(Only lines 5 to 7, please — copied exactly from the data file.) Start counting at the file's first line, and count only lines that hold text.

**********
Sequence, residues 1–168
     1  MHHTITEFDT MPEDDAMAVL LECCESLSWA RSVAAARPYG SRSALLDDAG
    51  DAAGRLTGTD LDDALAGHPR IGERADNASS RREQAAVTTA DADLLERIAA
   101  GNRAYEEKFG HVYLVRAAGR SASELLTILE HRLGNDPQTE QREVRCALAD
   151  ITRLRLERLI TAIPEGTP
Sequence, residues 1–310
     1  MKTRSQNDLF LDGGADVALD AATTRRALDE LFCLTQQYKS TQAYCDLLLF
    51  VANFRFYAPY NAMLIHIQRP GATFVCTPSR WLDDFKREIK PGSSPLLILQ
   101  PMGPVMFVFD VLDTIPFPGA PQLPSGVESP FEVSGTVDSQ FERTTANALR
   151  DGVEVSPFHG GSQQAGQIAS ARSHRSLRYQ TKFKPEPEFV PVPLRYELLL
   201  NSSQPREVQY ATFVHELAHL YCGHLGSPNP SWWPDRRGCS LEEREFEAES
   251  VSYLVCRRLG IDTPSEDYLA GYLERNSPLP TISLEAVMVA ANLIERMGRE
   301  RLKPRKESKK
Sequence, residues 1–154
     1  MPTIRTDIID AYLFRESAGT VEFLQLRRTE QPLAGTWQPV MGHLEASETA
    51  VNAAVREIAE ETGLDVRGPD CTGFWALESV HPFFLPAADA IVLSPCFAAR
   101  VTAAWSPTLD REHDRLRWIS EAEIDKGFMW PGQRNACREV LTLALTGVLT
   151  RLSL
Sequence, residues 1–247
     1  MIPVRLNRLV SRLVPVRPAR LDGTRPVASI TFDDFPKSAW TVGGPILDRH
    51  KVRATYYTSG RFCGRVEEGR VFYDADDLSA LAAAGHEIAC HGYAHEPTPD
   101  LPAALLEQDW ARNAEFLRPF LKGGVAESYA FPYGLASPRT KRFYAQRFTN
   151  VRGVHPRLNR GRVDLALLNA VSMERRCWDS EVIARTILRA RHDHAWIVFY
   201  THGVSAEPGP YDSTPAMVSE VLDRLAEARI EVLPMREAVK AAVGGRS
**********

   151  ITRLRLERLI TAIPEGTP
Sequence, residues 1–310
     1  MKTRSQNDLF LDGGADVALD AATTRRALDE LFCLTQQYKS TQAYCDLLLF